IBM Mobile Quality Assurance has a new look!

A new year is a great time for a fresh start and improvement. IBM® Mobile Quality Assurance for Bluemix® has made some changes, including a new look and an improved user interface. The update for February 2016 includes the following changes:

New interface with improved filtering.

The refreshed interface includes a more modern appearance and additional filtering options to sort your bugs and feedback entries more easily.

  • Updated app summary page. The apps summary page quickly summarizes the number of bugs, feedback, and crashes that have been reported for that app and platform. Simply click a number to see the details.

Image of the updated app summary page.

  • New location for the navigation options. Once you dive into the details, the menu has moved to the left side of the screen and can easily be hidden using the “hamburger” menu. Most of the options are the same, just in a different location.

Image of navigation screen

  • New filtering options for bugs and feedback. Bugs and feedback have additional filtering options that allow you to find bugs that were submitted during a specific time period or review feedback submitted on a specific version.

Enhanced features for managing your team of testers to allow groups and provide beta management capabilities.

Instead of just adding a list of testers, you can invite participants to a test or beta program, group participants to easily distribute builds, and limit the number of participants in a test or review cycle. You’ll find the new participant management features under the Participants menu. Let’s look at an example of how you can use some of the new features. You have to manage a beta project of 50 people, and all you have are a list of 300 people, an app that is instrumented with MQA, and the MQA service on Bluemix.

  • Allow product testing participants to request registration by selecting a link. For this example, you need 50 participants from your list of 300 contacts. You create a link that participants can select to request permission to be added to the beta participant list. You send the link to all 300 potential participants. Participants who select the link automatically submit a request to be added as participants to the project. You stop when you reach your target of 50 participants.
  • Manage participant lists by using Groups. When you have identified your 50 participants, you create a group that contains their email addresses. The members of the group have access to the project. The group also provides a convenient mailing list for you to send updated versions of the builds.
  • Include non-disclosure agreements. Because your project is in its early testing stages, you attach a non-disclosure agreement (NDA) to the builds that you send to your 50 participants. The participants are required to agree to the terms and virtually sign it before they access the test version of the product.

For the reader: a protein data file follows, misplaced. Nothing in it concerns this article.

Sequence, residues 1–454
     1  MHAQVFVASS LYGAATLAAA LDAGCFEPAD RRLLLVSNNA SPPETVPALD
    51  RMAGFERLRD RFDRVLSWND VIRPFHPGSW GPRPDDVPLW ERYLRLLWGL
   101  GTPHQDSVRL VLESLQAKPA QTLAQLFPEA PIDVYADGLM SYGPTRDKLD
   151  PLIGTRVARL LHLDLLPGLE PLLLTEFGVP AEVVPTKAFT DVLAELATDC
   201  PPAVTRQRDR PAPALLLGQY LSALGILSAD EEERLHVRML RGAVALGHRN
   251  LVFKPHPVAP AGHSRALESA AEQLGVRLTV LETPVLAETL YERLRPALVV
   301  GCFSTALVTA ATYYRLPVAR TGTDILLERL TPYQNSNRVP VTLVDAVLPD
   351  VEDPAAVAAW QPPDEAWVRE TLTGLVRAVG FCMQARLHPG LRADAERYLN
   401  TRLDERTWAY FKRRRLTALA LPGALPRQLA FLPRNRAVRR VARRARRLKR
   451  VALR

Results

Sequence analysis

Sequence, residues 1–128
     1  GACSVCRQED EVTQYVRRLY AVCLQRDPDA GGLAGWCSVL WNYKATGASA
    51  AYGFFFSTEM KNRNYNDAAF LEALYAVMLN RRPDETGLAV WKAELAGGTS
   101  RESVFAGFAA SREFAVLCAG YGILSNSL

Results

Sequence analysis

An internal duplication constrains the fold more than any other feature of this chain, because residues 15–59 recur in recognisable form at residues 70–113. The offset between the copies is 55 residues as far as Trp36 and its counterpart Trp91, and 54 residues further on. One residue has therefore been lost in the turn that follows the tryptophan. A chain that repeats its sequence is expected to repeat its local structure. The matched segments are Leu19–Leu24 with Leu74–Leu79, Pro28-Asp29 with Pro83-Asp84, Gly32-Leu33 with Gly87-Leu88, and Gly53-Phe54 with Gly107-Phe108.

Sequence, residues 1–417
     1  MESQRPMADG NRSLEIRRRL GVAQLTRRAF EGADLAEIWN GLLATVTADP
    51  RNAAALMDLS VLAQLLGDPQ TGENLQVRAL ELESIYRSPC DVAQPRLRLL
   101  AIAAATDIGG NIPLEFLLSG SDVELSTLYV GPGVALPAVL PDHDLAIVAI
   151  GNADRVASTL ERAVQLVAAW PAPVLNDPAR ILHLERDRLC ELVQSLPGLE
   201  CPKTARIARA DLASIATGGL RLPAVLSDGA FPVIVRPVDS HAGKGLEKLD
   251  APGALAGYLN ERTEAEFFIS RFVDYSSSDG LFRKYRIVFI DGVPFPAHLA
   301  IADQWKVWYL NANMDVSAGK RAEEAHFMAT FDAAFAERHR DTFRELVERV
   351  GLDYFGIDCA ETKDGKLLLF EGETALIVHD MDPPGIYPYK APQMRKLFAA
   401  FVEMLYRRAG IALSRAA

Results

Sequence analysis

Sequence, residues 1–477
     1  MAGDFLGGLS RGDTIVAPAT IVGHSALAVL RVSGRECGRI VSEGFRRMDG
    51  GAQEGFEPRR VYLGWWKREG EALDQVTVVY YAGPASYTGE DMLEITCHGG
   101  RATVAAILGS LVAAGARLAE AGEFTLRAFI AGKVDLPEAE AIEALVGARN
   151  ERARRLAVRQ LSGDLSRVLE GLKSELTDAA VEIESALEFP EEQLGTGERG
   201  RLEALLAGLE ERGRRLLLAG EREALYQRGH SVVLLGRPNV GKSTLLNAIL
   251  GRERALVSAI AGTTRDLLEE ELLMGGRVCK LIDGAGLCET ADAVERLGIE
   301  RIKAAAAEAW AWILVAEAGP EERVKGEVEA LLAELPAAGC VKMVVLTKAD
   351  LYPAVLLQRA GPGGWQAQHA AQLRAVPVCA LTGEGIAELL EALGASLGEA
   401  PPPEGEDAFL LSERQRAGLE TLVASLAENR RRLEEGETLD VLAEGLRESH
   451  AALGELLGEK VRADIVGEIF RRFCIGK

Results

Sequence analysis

• Customize the email that you send to your participants. You include your company logo and modify the button colors that are used in the communication to make sure that people know that it is from your company.
  • Automatically start a feedback entry after a specific action in your app. Your development team added a feature to the interface of the product, and you want to know what the beta participants think about it. Your development team adds a trigger to the code of the app that starts the MQA feedback interface when the beta participant activates that button.
  • Collaborate with a feedback submitter through an email-based chat function. Out of the 50 participants on your project, you receive an unclear feedback submission. MQA makes it easier to learn more detail about it. Open the bug or feedback entry and begin an email-based chat session with the submitter. All of the content is stored in the bug or feedback entry for convenient retrieval.

Other major updates improve the information you can gather from the testers and manage that feedback in the development cycle.

With these new features, you can:

  • Capture recorded screen sequences when reporting bugs. It is sometimes easier to fix a bug when you have more than just a screen shot and a description. You might need to know what the user did on the screen before the current one. A tester can now use the Add App Screen Recording feature when submitting a bug report to record small clips of screen sequences. These sequences are attached to the entries and sent to the administrator.
  • Integrate with more bug tracking products. MQA added support for integrating with Asana, Bugzilla, Rally, and Redmine. You can now export your bugs to these additionally supported bug tracking products to maintain them in that environment.
  • Archive bugs and feedback to manage your bug list. You can archive duplicate entries, resolved entries, or entries from that one tester with a strange configuration who can never install the builds.

To learn more about these recent updates, visit our What’s New page. Make a resolution to try MQA on Bluemix and see what it can do to improve your year (or your app).

Inclusive terminology note: The Mobile First Platform team is making changes to support the IBM® initiative to replace racially biased and other discriminatory language in our code and content with more inclusive language. While IBM values the use of inclusive language, terms that are outside of IBM's direct influence are sometimes required for the sake of maintaining user understanding. As other industry leaders join IBM in embracing the use of inclusive language, IBM will continue to update the documentation to reflect those changes.
Last modified on March 22, 2016